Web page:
MUSIC / North wind: New Music - The Place

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At first, the Place Theatre looks and sounds like London's forgotten new music venue. Spartan, matt black walls and hangings recall the ICA, but this is bigger and friendlier, with an acoustic that is dryish but not deadening. It seems ideal - until Euston Road makes its distinctive contribution. Granted this wasn't so much of a problem on Tuesday; assertive pieces like Kaija Saariaho's Amers or Magnus Lindberg's Joy are quite capable of fending for themselves. But the more delicate moments of Anders Nordentoft's Moment and Thorkell Sigurbjornsson's Kalais demanded cat-like concentration.

After this one hearing, Moment remained enigmatic. A short, jerky, pointillist prelude quickly subsides into quiet near-stillness - like the opening material very much slowed down. Some of the sounds are lovely, but what they might add up to is hard to say. Paavo Heininen's Jeu I was easier to grasp. In many ways it sounded like a typical product of the early eighties: effect-saturated, but tentatively edging towards a more mellifluous style. Near the end came a passage of almost pure flute lyricism, deliciously harmonised by the piano - if only there had been more, and sooner.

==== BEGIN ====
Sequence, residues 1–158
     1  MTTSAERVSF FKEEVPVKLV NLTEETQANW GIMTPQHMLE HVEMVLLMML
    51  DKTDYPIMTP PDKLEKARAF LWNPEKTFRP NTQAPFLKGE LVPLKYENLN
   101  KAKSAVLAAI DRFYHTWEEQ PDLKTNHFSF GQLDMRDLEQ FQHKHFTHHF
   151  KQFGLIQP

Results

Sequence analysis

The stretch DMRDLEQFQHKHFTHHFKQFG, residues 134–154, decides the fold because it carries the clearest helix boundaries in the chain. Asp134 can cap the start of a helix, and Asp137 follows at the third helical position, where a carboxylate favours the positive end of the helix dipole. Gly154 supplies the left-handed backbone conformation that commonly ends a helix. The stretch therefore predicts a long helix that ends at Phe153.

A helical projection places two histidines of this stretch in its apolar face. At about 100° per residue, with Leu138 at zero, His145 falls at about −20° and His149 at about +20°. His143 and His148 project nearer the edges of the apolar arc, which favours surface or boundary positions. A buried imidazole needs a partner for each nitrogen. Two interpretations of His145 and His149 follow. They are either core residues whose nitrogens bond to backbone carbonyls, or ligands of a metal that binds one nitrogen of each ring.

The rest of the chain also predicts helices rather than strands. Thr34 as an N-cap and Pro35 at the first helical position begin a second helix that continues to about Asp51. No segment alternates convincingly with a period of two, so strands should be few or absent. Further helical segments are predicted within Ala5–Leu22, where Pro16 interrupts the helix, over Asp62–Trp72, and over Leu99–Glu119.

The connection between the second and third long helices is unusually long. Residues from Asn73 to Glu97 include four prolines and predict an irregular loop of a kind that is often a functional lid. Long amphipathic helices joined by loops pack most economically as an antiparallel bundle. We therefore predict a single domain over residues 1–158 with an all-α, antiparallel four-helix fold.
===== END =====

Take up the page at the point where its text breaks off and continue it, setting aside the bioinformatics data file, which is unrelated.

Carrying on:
At first, Thorkell Sigurbjornsson's Kalais seemed equally bent on using every flute effect in the book. But lyricism emerged much more quickly, and eventually it took over completely. As a final surprise, Ingela Oien deftly removed the head joint from her flute and drew astonishing 'Japanese' sounds from the body of the instrument.

Saariaho, deviser of this 'Tender Is the North' mini-series, was herself featured in Tuesday's Avanti concert, with a new work, Amers, for cello, ensemble and electro-acoustics. The French title refers to 'navigation beacons', and to a set of poems about the sea by Saint-John Perse. Saariaho's cellist navigates his way through a sea of sounds, some instrumental, some amplified, some electronic. The sound- world created is imaginative and very individual. But not all the intricate processes described in the note were audible. A lingering doubt: is Amers really a concert piece, or would the ideal medium be a well-mixed CD?

Magnus Lindberg's Joy, on the other hand, is a concert piece and proud of it. One needs to see the players working hard, and to feel the bass line vibrating through the floor. Conductor Jukka-Pekka Saraste steered the Avanti players expertly through the rapids, and the near half-hour clock duration seemed to pass in no time at all.